Stepping back in time in Nebraska City
NEBRASKA CITY, Neb. (KOLN) - The Kregel Windmill Factory Museum houses more than one million artifacts, and is the spot where the famous “Eli” windmills were built for more than one hundred years. The museum is located in Nebraska City’s downtown area. “It was started by two cousins that are essentially a self-made American story,” museum executive director Isaiah Yott said.
The Kregel family came to Nebraska from Hanover, Germany in 1875. In 1879, cousins George and Louis Kregel decided to go into a business of their own. “Not in this building, but in the building across the street where city hall stands today, is actually where the Kregel Windmill Company started,” Yott said. In 1902, the windmill factory business moved to its final site, where the museum is now. “Believe it or not this place is about 60 percent larger than what I like to call Kregel 1, or the building where city hall stands today,” Yott said. “So from 1879 to 1991, this business ran. It made Eli Windmills that, quite frankly, were known throughout the U.S. in a big way.
One of the things that made the windmill unique, the Eli windmill unique, was that the Kregel cousins were able to build an automatic brake. This allowed the windmill to avoid damage in a windstorm. The C-knuckle joint was George Kregel’s design. “And it would actually close the windmill and stop it from spinning in a windy situation. This was important to a windmill because if you didn’t close it up, everything would break. So in high winds, you’d have a broken windmill, and if you had a broken windmill, you didn’t have water,” Yott said.
While the Kregel’s solved a lot of problems for farmers in the early days of Nebraska, they also left a big legacy for all of us to enjoy. “One of the things our patrons will say when they come in and they want to take a tour of the windmill factory here is, oh my gosh, it smells and looks like an old barn, but it’s also a metal and wood shop as well!” Yott said.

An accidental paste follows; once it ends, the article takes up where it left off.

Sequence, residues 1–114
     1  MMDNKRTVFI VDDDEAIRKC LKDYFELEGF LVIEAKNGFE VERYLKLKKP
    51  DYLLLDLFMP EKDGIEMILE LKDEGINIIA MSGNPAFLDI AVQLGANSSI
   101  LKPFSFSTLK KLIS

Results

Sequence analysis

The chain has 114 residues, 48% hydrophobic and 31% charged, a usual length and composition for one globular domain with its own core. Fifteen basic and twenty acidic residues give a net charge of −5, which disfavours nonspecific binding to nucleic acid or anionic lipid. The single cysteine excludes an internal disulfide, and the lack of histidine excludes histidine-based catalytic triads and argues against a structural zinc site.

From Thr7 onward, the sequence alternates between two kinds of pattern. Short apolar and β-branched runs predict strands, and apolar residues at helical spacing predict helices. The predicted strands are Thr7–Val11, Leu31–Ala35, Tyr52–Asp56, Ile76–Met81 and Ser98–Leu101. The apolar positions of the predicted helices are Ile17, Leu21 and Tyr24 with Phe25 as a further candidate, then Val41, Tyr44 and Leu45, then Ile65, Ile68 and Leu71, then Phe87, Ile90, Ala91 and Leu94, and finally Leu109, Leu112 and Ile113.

Art Kregel was the last of the family to operate the business. He ran it for 50 years until 1991, when he passed away. “When we got in here in 1993, no one had been in here since 1991, so for two years, this place sat, gathered dust and cobwebs, and nobody came in and out,” Yott said. “And in 1993, a small group of us came in. And what we discovered was all of the machinery still ran, the line shaft above me here still worked. This one of 13 in the U.S., this line shaft this power source. When the metal rod and the wooden pulley turn via an electric generator, or in the early days a gas-powered engine, it would have turned the belts. And then the belts would have worked the machines, and then the workers could have produced the parts to make the windmills.”
So when you walk into the museum, it feels like employees might still be coming back to work. Even the office appears as though the owners intend to return. It’s a museum, that transports visitors. “It’s truly a unique piece of Americana that sits in Nebraska that’s Nebraska-based, but it has so many more lessons to teach about the American spirit, and about where America came from and where it’s going,” Yott said.
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